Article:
Leadership: Meeting Agendas

Guest Post from @_theteachr

How to have Impactful Meeting Agendas

  1. How can we improve teaching and learning?  – 55 mins
  2. AOB  – 5 mins

Before I continue, I might add here is if you have serious issues in the department with, for example, significant staff absence, the stability of the department, all the things that are stopping the department from functioning, you have to deal with those first. The point I was trying to make with the agenda above, of course, is that the main event in a subject or department meeting should be Teaching and Learning. What often happens is a lot of the time, subject meetings are dominated by administrative items and sometimes just plain, unnecessarily long monologues, about something unimportant.

People often ask how the housekeeping type of things are dealt with. Well, the reality is, that while you can make the main focus of meetings teaching and learning, sometimes you just have to deal with admin or address what you have been asked to by your line manager. The key, however, is to manage meetings well, because you usually only have an hour.

When I was a Head of Subject, I devised a way to help me do just that. I viewed department meetings as crucial and that every minute of time was valuable. The department all had strengths and contributions to make, and to not tap into that at every possible opportunity was a waste. Planning department meetings was a high priority and I never rushed out an agenda at the last minute in order to fill the time we had.

So bearing in mind that the main priority had to be teaching and learning and also, that sometimes it was just more effective to deal with some types of admin with the whole team together, I developed a way to help me plan the department meeting time and also let the team know what to expect at the meeting. It was a simple case of having a little icon next to each item. The icons stood for:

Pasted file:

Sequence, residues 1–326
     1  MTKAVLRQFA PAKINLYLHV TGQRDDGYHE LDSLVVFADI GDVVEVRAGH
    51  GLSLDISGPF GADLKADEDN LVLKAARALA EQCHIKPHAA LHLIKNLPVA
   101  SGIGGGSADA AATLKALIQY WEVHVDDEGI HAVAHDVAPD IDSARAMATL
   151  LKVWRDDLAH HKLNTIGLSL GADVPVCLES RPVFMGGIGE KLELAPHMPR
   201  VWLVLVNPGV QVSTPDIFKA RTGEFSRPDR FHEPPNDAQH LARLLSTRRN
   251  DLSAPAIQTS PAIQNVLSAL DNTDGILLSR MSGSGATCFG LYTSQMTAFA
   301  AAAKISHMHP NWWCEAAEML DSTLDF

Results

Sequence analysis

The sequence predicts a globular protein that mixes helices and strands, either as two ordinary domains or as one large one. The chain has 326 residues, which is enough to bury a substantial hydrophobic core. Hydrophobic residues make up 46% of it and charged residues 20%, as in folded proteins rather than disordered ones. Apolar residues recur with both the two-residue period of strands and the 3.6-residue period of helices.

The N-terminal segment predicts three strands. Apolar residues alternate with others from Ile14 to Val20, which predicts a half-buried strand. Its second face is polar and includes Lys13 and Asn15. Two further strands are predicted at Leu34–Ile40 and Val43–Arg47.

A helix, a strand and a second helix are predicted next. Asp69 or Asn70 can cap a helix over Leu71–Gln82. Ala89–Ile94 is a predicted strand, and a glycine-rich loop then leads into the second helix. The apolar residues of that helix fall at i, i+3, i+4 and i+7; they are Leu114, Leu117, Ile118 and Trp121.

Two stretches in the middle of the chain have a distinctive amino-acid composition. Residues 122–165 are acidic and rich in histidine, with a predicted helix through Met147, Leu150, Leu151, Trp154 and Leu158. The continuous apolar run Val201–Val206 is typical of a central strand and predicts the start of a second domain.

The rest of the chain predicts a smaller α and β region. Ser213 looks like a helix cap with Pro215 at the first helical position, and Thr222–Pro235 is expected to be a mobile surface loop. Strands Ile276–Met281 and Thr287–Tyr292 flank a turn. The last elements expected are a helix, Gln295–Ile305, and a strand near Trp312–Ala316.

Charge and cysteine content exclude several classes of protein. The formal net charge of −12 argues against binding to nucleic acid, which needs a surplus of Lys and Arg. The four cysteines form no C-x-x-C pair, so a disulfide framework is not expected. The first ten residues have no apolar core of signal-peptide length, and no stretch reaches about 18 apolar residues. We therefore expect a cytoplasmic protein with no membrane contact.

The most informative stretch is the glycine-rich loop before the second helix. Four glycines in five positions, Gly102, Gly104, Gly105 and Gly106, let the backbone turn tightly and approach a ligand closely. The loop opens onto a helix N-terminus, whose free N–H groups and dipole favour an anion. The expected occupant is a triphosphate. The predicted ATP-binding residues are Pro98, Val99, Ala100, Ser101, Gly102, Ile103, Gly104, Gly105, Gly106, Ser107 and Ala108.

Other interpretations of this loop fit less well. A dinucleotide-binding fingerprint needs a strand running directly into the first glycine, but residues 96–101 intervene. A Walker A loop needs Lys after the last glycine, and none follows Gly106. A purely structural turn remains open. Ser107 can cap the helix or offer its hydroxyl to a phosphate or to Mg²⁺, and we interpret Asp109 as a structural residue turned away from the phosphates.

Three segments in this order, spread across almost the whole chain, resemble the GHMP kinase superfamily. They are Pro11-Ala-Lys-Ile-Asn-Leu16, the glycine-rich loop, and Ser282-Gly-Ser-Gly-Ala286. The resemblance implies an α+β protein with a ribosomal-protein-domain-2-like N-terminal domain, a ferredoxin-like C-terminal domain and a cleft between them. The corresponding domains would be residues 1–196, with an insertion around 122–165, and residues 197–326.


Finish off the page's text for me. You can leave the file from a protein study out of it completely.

1. a presentation
  2. a task, e.g. team planning a lesson for EAL students.
  3. a discussion, e.g. what the department felt were key priorities for the development plan.
  4. information, e.g. last minute information for an imminent event, e.g. open evening.
  5. upcoming dates or events.

Now some of these are mundane and could be done in other ways, but as I say, sometimes you have to deal with them. The key is to not let them dominate. So any agenda, to my mind had to have the majority of the time spent on 2 and 3. And adding those icons, with timings allowed me or anyone, at a glance to get a feel for what was going to happen in the meeting.

Oh, and I always asked for AOB items to be stated up front and noted them so that AOB didn’t become an open-ended, ‘let’s talk about whatever comes to your mind’ or worse, somebody drives the agenda with a random thought that has come to mind.

Oh, and I always asked for AOB items to be stated up front and noted them so that AOB didn’t become an open-ended, ‘let’s talk about whatever comes to your mind’ or worse, somebody drives the agenda with a random thought that has come… Click To Tweet

It takes a little time and effort to plan out a department meeting like this every time, but, teaching and learning is of the highest priority. You’ll notice this meeting’s learning focus was those well-behaved classes that are quiet as mice and work really hard. Very easy to neglect them and to often set unchallenging work for them to get on with for an hour. Every meeting had a different learning focus, differentiation, formative assessment, challenge and stretch, pupil premium, etc.

To me, department meetings were for allowing teachers to give their input, plan together and try new things and improve as teachers. This usually won’t happen by spending an hour telling them administrative things they could read in a bulletin.

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